Ten years ago Randy Harrison made his Guthrie Theater debut in The Glass Menagerie. Since then, the former Queer as Folk television star has ascended as a musical theater actor of national and international significance. Last year, local audiences were amazed at his superb leading performance as the Emcee in the national tour of Kander and Ebb’s Cabaret presented by the Hennepin Theatre Trust. It gave area audiences a first-hand look at just how much he has grown and evolved as actor since his first Guthrie stint.
Nowadays, Harrison is back at the Big G in the dual lead roles in the Guthrie’s Sunday in the Park with George. This performance only strengthens his reputation in the musical theater genre. He spoke with Lavender recently about being back in Minneapolis and his illustrious career in musical theater.
JT: You have now come to be familiar with the Twin Cities over a period of time. Are there any places here where you like to go to relax, dine, sight-see?
RH: Until Sunday in The Park with George, I’d only spent time here in the late fall and winter, so its incredible now to have access to all the Twin Cities offers in the summer. The lakes, incredible bike trails, lots of green space for picnics, the sculpture garden. When I was here 10 years ago for The Glass Menagerie I found myself in Uptown a lot. This time I’m finding myself in Northeast and North Loop neighborhoods more often. I always love the Walker.
JT: You have really come into your own as a major musical stage actor. Boq in Wicked must have been quite an experience.
RH: My time in Wicked was very brief. I was a vacation replacement for Christopher Fitzgerald, who originated the role of Boq. He had another engagement that took him away for five weeks, so I went into the show while he was away. Even though this was close to the beginning of the run on Broadway, Wicked was already a finely tuned machine. It was fascinating to be a cog in something so large and already massively successful.
JT: Your Emcee in Cabaret is on a par with the best I have ever seen play that coveted and demanding role. What did you do to prepare for that?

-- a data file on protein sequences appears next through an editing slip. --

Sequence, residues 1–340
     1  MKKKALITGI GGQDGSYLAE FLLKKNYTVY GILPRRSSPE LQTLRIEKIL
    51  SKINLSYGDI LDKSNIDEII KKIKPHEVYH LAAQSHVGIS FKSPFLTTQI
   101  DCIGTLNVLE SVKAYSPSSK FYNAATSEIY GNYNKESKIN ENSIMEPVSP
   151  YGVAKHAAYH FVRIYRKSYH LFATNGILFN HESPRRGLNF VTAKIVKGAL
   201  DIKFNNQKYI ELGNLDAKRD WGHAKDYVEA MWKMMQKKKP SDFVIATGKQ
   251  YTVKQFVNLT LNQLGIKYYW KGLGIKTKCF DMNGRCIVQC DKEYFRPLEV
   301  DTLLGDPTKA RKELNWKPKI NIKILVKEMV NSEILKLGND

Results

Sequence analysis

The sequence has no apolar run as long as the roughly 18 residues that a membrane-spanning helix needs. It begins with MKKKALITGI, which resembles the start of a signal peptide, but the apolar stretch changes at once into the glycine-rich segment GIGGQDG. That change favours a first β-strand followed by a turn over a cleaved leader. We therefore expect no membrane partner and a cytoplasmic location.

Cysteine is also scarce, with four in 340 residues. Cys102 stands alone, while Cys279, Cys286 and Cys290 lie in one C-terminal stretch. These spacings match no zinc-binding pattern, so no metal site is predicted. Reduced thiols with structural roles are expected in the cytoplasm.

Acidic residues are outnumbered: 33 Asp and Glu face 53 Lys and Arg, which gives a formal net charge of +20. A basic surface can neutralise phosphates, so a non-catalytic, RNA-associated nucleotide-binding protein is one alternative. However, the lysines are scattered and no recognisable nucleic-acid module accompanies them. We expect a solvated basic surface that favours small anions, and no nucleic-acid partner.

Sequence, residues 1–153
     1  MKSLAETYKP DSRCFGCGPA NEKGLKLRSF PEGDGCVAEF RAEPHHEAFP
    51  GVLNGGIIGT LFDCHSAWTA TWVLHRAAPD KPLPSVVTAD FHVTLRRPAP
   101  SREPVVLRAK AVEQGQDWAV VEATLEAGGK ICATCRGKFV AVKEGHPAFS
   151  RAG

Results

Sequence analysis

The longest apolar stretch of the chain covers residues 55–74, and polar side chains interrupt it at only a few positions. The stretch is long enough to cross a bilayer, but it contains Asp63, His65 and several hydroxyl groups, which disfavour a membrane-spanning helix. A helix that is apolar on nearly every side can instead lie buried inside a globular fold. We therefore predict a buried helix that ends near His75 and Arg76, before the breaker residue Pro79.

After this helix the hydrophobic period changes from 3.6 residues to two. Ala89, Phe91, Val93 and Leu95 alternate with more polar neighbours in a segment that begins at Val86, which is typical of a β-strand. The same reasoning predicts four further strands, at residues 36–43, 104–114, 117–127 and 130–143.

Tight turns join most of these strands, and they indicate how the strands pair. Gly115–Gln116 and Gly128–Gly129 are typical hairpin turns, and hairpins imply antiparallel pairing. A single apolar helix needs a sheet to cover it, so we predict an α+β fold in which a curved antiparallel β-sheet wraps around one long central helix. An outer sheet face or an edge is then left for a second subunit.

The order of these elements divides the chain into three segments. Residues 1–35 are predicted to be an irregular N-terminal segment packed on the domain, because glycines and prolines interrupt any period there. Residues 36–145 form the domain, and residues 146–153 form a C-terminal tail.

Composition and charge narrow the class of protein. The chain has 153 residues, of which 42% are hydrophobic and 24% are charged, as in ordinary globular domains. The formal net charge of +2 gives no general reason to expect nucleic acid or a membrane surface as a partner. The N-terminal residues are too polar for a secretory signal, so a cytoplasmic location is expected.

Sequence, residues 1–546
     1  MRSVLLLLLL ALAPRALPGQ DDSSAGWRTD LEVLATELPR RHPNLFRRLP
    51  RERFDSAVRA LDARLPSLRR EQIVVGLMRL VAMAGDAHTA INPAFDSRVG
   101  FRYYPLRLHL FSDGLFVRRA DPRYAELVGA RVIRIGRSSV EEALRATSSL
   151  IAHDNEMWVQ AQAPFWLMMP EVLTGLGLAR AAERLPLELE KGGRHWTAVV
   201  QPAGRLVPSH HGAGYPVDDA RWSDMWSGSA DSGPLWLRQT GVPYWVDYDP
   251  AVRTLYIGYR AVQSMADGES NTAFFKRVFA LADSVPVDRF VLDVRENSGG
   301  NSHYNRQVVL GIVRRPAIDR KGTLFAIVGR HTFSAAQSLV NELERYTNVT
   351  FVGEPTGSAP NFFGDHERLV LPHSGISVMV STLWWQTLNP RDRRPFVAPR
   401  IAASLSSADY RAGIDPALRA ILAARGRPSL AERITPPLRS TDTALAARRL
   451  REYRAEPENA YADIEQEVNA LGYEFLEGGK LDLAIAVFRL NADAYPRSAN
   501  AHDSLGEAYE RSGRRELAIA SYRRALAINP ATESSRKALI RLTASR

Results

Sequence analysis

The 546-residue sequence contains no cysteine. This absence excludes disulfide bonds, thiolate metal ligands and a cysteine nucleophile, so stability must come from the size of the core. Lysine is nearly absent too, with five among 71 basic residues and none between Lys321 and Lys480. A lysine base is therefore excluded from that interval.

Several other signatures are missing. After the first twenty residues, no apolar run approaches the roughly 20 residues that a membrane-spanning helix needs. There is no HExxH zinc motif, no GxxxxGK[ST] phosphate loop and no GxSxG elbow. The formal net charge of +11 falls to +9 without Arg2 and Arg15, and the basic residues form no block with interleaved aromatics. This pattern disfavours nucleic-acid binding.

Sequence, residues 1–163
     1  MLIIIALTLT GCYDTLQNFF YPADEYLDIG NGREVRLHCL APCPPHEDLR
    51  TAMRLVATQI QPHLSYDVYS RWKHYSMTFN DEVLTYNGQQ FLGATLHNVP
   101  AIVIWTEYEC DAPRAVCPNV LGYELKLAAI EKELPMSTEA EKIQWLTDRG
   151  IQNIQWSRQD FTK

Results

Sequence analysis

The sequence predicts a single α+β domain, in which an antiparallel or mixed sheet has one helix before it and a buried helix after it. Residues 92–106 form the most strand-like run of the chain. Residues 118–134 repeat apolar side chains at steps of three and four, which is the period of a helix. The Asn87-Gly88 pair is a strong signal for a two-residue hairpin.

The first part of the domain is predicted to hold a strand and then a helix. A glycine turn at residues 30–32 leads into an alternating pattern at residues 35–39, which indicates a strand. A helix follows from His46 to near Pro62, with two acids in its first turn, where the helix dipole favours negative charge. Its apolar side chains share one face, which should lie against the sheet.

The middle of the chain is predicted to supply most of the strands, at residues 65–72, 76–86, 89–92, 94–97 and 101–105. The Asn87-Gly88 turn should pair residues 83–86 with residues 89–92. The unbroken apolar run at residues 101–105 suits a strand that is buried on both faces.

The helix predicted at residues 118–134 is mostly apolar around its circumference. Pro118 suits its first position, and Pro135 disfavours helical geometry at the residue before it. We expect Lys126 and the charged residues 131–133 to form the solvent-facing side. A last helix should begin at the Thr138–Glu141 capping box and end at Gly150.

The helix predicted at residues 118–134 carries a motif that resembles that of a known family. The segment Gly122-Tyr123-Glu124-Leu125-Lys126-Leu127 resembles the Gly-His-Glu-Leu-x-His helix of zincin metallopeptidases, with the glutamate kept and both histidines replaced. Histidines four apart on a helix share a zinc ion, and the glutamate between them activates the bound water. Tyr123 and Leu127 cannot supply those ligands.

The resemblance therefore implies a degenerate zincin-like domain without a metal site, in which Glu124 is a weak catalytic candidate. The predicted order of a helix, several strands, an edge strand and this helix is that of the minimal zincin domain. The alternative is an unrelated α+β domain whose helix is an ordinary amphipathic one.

RH: I read most of Christopher Isherwood, most deeply, Berlin Stories and Christopher and his Kind. Everything that he wrote about his time in Berlin during that period. I researched Weimar Cabaret and the film scene, the performance art scene, the dance scene happening in Berlin at that time. The social, political, cultural situation. And I watched every version of Cabaret I could get my hands on and listened to a ton of Kander and Ebb and Kurt Weill.
JT: In Sunday in the Park with George, do you see a DNA or reincarnation element between the dual-roles you play: one in the 19th, the other in the 20th century, Georges the French painter and George the American post-modernist?
RH: For me, its a mistake to think about the two George’s too literally. Act Two George is BOTH Georges Suerat’s great grandson and George Seurat himself. It’s a moment of magical realism that makes deep thematic and emotional sense but doesn’t follow a simple logic. In rehearsal, we talked about Act One and Act Two George being photo-negative reflections of each other. Each George possesses an abundance of something the other George lacks, and both are thwarted or stuck in opposite ways. It is not until the characters from Act One return in Act Two that both Georges are integrated in a way, finally complete, and able to move forward in a whole way.